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The Florida Department of Health works to protect, promote & improve the health of all people in Florida through integrated state, county & community efforts.

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Learn more about Naegleria Fowleri.

 Jul 26 - Jan 01, 2023

Learn more about Naegleria Fowleri.

In order to promote safe swimming, DOH-Charlotte & Charlotte County Parks & Recreation will be providing nose clips at no cost to the public.  They will be available at the following locations:

Port Charlotte Beach Recreational Center
4500 Harbor Blvd., Port Charlotte, FL
Monday – Friday  9:00 am to 5:00 pm

Port Charlotte Beach Pool
4500 Harbor Blvd., Port Charlotte, FL
Tuesday – Friday  1:00 pm to 4:00 pm &
Saturday  1:00 pm to 5:00 pm

*While supplies last.

DOH cautions those who swim and dive frequently in Florida’s lakes, rivers and ponds during warm temperatures about the possible presence of Naegleria fowleri. Adverse health effects on humans can be prevented by avoiding nasal contact with the waters, since the amoeba enters through the nasal passages. As a precaution, health officials recommend the following:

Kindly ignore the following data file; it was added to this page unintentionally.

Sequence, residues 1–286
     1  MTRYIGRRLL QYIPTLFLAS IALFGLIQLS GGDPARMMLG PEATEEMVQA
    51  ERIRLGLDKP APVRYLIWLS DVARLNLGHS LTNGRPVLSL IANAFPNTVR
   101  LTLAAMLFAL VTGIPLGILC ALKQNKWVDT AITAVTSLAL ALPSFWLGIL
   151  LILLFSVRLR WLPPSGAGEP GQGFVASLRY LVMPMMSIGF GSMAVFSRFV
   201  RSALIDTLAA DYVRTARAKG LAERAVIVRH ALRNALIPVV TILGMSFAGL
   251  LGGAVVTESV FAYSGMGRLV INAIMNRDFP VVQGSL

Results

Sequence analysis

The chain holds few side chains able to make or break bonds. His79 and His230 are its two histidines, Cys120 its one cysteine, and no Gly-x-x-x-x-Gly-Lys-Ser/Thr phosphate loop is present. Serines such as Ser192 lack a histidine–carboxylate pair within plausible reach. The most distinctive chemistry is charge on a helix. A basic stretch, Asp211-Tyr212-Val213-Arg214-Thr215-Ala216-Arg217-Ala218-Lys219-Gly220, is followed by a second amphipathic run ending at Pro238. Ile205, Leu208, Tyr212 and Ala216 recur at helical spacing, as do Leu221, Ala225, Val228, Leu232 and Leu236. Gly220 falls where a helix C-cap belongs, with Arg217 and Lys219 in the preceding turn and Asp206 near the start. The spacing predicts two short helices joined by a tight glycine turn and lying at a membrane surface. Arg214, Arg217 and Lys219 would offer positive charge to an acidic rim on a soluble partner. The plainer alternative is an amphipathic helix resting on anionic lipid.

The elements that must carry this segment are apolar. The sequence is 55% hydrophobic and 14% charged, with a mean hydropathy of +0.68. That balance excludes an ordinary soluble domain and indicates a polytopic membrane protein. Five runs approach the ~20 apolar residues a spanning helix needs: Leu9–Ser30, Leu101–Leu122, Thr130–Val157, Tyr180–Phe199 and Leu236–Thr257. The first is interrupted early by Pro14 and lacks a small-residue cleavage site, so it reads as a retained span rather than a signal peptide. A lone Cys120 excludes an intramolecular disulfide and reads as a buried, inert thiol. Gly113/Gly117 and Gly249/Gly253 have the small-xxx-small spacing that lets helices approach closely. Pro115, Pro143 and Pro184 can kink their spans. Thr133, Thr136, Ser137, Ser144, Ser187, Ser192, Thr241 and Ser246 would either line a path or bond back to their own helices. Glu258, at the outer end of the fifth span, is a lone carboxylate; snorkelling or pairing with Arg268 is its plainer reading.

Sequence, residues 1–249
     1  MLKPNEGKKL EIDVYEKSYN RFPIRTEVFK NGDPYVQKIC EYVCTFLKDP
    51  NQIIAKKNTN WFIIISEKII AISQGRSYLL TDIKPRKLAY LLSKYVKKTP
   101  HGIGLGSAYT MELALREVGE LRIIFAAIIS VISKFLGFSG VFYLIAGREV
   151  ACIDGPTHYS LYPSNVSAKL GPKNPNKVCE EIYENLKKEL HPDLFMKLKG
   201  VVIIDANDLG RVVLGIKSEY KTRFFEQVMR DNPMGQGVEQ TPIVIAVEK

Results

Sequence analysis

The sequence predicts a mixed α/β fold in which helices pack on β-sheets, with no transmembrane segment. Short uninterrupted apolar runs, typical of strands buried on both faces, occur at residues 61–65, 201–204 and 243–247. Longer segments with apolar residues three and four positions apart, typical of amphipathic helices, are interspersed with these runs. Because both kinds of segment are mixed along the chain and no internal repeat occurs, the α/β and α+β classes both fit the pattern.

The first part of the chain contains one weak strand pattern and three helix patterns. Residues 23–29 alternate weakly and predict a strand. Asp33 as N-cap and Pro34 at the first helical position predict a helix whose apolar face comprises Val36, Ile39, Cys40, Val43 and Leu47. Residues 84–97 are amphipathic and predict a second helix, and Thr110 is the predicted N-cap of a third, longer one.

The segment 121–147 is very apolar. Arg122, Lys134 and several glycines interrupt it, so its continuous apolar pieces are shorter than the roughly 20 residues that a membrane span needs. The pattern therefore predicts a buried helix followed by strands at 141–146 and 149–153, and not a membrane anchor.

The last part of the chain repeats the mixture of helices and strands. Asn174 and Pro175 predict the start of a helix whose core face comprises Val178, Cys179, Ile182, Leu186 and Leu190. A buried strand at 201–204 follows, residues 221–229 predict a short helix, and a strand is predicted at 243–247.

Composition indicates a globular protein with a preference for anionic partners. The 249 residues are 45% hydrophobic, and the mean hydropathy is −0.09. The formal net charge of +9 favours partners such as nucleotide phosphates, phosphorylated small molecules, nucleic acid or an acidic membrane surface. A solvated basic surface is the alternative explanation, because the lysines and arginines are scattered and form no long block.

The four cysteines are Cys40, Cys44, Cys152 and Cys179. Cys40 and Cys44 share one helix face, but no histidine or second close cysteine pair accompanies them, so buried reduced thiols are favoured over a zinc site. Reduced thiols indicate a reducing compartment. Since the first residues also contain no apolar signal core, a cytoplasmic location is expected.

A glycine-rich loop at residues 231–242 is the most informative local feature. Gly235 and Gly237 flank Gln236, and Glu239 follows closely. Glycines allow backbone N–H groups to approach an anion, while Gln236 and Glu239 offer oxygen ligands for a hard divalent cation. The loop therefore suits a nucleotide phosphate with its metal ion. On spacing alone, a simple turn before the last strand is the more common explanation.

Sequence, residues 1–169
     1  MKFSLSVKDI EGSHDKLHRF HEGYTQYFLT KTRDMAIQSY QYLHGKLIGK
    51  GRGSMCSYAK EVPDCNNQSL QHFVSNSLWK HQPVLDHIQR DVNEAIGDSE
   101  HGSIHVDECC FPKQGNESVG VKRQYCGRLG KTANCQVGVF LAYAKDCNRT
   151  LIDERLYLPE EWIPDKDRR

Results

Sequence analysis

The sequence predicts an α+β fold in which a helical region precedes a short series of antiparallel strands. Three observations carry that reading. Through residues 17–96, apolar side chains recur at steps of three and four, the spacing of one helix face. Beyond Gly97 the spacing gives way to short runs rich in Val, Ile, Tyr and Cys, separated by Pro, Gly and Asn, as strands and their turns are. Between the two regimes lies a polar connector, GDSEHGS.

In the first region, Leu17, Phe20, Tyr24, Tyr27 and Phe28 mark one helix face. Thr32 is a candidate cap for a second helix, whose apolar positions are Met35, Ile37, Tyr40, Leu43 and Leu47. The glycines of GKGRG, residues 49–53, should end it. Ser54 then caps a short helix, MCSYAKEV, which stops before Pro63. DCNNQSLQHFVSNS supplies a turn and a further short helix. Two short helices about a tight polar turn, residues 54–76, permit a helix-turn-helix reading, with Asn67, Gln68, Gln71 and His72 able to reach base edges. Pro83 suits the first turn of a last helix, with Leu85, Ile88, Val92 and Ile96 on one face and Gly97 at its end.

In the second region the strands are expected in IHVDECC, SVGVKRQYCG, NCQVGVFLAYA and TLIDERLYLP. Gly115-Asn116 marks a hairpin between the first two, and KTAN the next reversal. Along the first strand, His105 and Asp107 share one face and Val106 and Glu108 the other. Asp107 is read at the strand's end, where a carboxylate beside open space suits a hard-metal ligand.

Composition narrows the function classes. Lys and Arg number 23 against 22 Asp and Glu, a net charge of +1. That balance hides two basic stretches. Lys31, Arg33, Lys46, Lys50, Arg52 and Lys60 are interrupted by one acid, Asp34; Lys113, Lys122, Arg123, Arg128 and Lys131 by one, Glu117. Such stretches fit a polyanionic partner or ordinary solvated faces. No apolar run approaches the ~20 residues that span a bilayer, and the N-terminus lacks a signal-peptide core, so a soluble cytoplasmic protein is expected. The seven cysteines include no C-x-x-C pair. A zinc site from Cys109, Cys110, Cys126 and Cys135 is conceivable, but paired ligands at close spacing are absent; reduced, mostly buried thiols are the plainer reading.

1. Avoid water-related activities in bodies of warm freshwater, hot springs and thermally polluted water such as water around power plants
  2. Avoid water-related activities in warm freshwater during periods of high water temperature and low water levels
  3. Hold the nose shut or use nose clips when taking part in water-related activities in bodies of warm freshwater such as lakes, rivers, or hot springs.
  4. Avoid digging in or stirring up the sediment while taking part in water-related activities in shallow, warm freshwater areas.
  5. Please note exposure to the amoeba may also occur when using neti pots to rinse your sinuses of cold/allergy-related congestion or conducting religious rituals with tap water. Use only boiled and cooled, distilled, or sterile water for making sinus rinse solutions for neti pots or performing ritual ablutions.

If you experience any of these symptoms after swimming in any warm body of water, contact your health care provider immediately: headache, fever, nausea, disorientation, vomiting, stiff neck, seizures, loss of balance, or hallucinations. It is essential to seek medical attention right away, as the disease progresses rapidly after the start of symptoms.
Remember, this disease is rare and effective prevention strategies can allow for a safe and relaxing summer swim season.

For the latest information about the amoeba please visit the CDC’s website at


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